Scientists Are Racing to Get Us Faster, Simpler Coronavirus Tests
Rapid and at-home tests could give results in minutes rather than days
Dr. John Tomaszewski has been working 16-hour days since the new coronavirus hit Buffalo, New York in mid-March. Though it’s a six-hour drive from the pandemic’s epicenter in New York City, Buffalo and the surrounding county has experienced a troubling surge in infections, racking up more than 1,700 cases and 101 deaths as of April 14.
As head of the laboratory at Kaleida Health, a nonprofit network of hospitals, Tomaszewski has been running coronavirus diagnostic tests nonstop. Even so, his efforts haven’t been nearly enough for the Buffalo-Niagara Falls metropolitan area, which is home to around 1.1 million people. With equipment donated from the University at Buffalo, where he is a professor of pathology and anatomical sciences, he has increased the number of tests his lab can run per day from 90 to about 300. He is hoping to double or triple that capacity soon, but he worries that will still fall short.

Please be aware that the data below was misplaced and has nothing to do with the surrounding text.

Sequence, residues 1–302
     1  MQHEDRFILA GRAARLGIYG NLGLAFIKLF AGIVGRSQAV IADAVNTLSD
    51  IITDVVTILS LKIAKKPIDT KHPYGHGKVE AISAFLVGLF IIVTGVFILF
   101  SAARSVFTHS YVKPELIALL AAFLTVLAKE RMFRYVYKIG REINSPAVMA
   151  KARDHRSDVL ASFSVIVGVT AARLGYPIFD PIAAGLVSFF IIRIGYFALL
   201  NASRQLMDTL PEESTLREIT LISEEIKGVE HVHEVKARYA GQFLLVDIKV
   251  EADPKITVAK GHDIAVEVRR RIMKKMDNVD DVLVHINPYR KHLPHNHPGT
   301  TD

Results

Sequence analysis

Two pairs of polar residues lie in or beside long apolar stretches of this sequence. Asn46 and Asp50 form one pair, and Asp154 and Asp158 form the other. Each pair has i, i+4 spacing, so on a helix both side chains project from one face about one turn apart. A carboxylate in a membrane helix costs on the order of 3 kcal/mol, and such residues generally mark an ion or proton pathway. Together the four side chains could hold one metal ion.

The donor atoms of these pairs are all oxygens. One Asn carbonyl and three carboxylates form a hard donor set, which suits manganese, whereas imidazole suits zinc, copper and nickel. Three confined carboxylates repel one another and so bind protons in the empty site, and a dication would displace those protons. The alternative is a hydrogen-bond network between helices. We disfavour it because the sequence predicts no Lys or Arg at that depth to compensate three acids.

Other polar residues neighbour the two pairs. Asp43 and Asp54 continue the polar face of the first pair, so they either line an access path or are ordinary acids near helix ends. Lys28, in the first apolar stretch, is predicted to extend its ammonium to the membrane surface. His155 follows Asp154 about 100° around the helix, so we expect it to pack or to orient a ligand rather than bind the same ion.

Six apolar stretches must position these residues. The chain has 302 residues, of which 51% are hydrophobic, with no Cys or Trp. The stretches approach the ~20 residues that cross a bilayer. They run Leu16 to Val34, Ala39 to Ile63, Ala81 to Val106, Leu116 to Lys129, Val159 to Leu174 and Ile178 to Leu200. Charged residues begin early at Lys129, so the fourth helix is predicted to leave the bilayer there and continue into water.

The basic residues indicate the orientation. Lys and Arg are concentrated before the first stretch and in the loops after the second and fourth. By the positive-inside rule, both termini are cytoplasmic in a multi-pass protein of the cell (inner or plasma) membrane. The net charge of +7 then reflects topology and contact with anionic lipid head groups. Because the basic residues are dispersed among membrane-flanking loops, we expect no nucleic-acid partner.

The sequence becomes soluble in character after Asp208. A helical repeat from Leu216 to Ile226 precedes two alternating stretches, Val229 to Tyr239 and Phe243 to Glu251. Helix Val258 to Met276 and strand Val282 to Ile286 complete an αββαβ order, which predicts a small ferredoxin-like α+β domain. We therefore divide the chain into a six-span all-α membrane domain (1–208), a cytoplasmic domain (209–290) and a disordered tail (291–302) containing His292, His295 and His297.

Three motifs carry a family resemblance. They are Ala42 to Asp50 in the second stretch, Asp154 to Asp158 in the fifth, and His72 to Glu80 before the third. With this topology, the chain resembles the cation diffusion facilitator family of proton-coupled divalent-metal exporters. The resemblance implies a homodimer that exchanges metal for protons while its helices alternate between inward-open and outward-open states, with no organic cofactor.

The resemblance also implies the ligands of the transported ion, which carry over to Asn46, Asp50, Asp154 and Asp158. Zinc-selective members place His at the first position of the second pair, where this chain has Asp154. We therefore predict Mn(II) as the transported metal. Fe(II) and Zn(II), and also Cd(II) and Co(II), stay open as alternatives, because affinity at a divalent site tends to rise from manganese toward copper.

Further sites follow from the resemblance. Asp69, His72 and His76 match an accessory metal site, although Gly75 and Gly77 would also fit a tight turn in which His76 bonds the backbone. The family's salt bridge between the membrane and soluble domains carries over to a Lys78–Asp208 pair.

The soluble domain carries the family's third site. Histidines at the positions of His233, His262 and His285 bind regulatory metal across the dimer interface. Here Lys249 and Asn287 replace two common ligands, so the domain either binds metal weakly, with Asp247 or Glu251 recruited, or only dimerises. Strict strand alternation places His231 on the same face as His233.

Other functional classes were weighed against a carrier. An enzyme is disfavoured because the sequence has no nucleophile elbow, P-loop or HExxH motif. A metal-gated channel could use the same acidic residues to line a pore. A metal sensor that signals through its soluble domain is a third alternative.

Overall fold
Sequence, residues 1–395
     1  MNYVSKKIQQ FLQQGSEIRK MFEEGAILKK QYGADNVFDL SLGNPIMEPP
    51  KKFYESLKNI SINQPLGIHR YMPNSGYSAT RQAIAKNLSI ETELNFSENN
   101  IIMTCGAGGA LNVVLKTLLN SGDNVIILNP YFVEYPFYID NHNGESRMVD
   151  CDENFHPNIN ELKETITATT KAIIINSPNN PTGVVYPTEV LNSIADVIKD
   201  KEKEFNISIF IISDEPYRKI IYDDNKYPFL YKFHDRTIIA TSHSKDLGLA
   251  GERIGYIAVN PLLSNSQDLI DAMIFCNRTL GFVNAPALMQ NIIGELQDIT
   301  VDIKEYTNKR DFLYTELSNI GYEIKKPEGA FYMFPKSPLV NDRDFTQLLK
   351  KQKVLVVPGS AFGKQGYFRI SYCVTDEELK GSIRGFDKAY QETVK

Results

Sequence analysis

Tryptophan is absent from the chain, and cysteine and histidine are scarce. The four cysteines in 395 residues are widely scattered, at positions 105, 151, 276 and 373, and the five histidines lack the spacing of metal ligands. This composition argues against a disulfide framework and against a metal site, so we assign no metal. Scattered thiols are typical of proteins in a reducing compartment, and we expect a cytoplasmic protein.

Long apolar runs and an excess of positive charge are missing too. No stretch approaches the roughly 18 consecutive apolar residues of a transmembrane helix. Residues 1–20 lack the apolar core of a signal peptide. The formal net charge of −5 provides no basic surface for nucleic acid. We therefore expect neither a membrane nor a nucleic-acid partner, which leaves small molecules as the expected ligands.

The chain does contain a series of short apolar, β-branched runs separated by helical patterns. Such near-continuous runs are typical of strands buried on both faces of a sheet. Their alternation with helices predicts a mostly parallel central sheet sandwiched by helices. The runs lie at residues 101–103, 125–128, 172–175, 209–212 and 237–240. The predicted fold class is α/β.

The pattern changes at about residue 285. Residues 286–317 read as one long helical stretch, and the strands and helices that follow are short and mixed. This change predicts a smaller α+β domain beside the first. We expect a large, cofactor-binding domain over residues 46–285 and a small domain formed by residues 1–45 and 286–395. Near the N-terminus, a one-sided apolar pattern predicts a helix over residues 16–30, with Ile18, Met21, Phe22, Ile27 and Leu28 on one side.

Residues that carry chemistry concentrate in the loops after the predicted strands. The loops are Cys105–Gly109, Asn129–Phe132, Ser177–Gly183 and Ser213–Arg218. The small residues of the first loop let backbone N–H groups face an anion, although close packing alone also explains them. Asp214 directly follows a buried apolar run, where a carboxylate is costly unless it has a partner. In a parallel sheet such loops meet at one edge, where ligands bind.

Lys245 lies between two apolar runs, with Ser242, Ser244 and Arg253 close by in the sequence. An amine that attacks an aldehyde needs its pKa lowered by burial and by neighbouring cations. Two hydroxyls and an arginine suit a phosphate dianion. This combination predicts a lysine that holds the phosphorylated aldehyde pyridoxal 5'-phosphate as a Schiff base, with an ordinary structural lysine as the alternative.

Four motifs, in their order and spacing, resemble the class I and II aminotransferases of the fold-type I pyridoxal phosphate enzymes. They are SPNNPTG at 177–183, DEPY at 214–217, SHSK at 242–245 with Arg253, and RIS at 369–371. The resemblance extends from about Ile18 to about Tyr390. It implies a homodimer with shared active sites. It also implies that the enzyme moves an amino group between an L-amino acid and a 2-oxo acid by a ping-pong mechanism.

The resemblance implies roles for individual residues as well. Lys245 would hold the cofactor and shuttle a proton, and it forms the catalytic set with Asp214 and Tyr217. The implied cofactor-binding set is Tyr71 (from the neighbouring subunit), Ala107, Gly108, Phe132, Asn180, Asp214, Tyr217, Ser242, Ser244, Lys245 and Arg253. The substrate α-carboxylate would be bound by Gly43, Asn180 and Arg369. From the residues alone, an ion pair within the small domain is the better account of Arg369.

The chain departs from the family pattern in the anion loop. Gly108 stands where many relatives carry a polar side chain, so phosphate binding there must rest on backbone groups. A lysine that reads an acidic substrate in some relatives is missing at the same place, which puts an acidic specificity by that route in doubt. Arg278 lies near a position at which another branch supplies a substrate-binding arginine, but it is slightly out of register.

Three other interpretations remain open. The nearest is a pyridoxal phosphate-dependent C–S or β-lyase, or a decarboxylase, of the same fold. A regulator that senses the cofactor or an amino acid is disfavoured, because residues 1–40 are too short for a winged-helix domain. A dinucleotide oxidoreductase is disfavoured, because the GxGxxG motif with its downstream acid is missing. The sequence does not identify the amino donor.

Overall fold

“We’re nowhere near the amount of testing you’d want to do in our region,” he says. Ideally, he’d like to be able to do at least 1,000 tests a day.
Labs across the country, much like Tomaszweski’s, not only need more tests but faster ones in order to learn the true magnitude of the pandemic. The United States can now run hundreds of thousands tests a week, but it’s still not enough to keep up with demand. In the absence of an effective vaccine or treatment, the fight against coronavirus is likely to drag on for months, and possibly into 2022.
New types of tests being developed at lightning speed could radically transform how we track Covid-19’s progression and every future disease outbreak from here on out. What has been a slow and tedious process for diagnosing infectious disease could become rapid and decentralized with new technology.
Scientists are racing to develop new coronavirus tests that could be done much faster and with less equipment. More than 300 test developers are planning to submit requests to the Food and Drug Administration to get emergency use authorization for their tests, according to FDA commissioner Dr. Stephen Hahn. Some of these tests could be…